• I am writing on two stories right now, one is a full length love story, and I say love story rather than romance because it is as much a novel about healing after a trauma, about family love and forgiveness, as it is romantic love. That one is in the early stages yet. The second project I’m working on may actually shape up into being a serial, or a short story, or screen play, I’m just really not sure yet. It centers around a quirky character and is a bit of a mystery/oddball tale of intrigue.

Here is a tiny glimpse into the main character of “Win”:

Mayor Winfield bought two coffees every morning without fail, even on holidays and Sundays. It was a universally agreed upon truth in the otherwise staunchly conservative town of Smokey Hill that God was okay with his people selling coffee on holy days. Everyone knew coffee and donuts were the social glue of churches and police stations, and Lord knew without these things the ruffians would run amok. Not that there were many ruffians to speak of in Smokey Hill but such was Mayor Winfield’s stump while campaigning for allowing daily commerce.

The actual truth was that Win lobbied for and practiced this coffee-buying habit partly because he was too lazy to make coffee and felt uncomfortable asking his live-in assistant to do it no matter how much she insisted she didn’t mind, and partly because Win had a compulsion to buy from all the local businesses on a daily basis. All thirty-eight of them. Every day. Except on Sunday, in which it was just ten open storefronts, only open on account of the coffee and donut axiom.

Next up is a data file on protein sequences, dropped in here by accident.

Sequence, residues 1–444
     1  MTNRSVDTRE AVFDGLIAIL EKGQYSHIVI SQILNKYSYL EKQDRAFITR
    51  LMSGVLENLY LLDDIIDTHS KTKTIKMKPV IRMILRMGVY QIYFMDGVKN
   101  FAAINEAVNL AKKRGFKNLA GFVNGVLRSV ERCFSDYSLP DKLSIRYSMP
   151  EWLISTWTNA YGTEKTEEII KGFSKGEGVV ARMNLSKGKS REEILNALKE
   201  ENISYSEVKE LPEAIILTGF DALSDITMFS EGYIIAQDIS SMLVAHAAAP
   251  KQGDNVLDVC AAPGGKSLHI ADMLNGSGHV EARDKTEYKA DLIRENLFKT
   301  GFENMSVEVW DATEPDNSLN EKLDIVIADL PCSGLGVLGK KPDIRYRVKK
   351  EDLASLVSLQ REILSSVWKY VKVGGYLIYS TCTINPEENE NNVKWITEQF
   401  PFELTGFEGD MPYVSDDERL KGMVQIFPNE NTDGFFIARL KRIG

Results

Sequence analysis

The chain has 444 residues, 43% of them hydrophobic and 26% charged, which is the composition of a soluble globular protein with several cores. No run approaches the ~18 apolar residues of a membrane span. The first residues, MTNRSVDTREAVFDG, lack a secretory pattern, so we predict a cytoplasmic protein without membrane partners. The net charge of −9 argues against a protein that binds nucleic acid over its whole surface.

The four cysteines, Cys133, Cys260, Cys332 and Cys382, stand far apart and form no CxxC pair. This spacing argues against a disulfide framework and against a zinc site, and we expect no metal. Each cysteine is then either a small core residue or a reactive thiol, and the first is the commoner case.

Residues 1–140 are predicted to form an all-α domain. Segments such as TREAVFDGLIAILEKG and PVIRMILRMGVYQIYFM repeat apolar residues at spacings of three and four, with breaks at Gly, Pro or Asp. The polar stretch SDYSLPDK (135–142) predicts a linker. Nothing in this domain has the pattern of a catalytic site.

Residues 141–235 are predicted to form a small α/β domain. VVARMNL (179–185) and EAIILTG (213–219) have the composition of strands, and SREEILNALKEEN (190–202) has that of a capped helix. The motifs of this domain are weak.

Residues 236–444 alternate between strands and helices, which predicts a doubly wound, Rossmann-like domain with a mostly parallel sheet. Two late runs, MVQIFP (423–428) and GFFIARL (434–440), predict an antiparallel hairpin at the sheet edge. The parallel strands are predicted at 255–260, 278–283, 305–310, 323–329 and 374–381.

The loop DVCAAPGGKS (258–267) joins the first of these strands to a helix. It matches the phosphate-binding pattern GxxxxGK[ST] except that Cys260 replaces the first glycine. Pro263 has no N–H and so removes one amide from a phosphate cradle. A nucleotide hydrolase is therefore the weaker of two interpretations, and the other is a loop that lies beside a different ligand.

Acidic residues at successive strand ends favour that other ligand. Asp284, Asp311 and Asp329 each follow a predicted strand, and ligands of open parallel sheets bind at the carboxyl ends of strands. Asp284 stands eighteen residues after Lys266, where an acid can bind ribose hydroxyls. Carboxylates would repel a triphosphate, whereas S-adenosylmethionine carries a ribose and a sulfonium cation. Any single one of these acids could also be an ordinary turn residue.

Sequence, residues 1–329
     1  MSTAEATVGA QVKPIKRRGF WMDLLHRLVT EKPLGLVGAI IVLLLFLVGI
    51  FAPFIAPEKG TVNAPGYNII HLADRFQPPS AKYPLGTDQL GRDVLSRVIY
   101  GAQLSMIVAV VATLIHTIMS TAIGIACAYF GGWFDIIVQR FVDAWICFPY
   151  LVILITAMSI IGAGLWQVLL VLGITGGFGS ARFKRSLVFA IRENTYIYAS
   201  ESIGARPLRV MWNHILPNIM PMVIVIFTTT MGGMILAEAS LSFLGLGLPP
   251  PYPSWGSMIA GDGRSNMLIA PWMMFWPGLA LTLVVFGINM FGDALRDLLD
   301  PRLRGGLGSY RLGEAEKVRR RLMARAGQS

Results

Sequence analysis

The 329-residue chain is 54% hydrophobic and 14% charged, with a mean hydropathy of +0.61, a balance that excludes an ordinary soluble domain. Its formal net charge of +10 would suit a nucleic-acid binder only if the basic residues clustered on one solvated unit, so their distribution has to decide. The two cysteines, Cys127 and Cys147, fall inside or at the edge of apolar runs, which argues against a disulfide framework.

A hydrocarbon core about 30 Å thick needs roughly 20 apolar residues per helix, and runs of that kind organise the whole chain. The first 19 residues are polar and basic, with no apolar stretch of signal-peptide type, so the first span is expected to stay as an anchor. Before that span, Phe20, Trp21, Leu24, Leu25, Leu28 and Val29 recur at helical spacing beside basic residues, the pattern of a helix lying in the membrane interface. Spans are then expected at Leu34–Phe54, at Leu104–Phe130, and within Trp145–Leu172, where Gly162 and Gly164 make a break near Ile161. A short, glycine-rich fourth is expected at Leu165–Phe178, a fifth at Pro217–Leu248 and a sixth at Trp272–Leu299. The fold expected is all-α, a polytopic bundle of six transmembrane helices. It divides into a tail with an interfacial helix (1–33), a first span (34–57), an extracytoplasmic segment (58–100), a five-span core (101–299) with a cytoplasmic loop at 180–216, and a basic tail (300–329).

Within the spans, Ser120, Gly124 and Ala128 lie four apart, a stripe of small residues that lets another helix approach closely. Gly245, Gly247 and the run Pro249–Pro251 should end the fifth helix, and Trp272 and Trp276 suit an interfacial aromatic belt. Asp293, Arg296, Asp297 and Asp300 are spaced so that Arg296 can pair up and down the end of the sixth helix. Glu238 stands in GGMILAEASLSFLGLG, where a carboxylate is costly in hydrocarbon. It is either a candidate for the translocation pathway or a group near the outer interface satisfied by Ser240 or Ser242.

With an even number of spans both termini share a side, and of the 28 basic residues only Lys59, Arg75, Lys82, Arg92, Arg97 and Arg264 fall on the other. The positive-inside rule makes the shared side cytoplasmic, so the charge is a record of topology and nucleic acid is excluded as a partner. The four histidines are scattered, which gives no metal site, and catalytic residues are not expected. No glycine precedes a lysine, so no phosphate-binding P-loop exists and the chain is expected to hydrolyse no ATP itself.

Some folks called him odd and ‘not quite right in the head’. Others said he was throwing his money around. But as long as he and his mother knew the truth, Win didn’t care which one they decided. And regardless of their opinions regarding his sanity or lack thereof, the townspeople kept electing him ever since he put his name in on a lark at the age of twenty-two. Of course, running unopposed for the better part of the twenty years since then had always helped.

If you were to ask Win, it wasn’t due to his very mild, hardly noticeable case of obsessive-compulsive disorder that spurred this habit. You see, ever since the manufacturing company that had employed better than half the town pulled up roots and left, Smokey Hill was flat broke. The city budget ran regularly in the red, and most citizens were spending only enough money to get by, and usually spending it a town away at the Mega-Mart. To make matters worse, nearly half of the under-forty demographic had moved away to find better employment and better funded schools.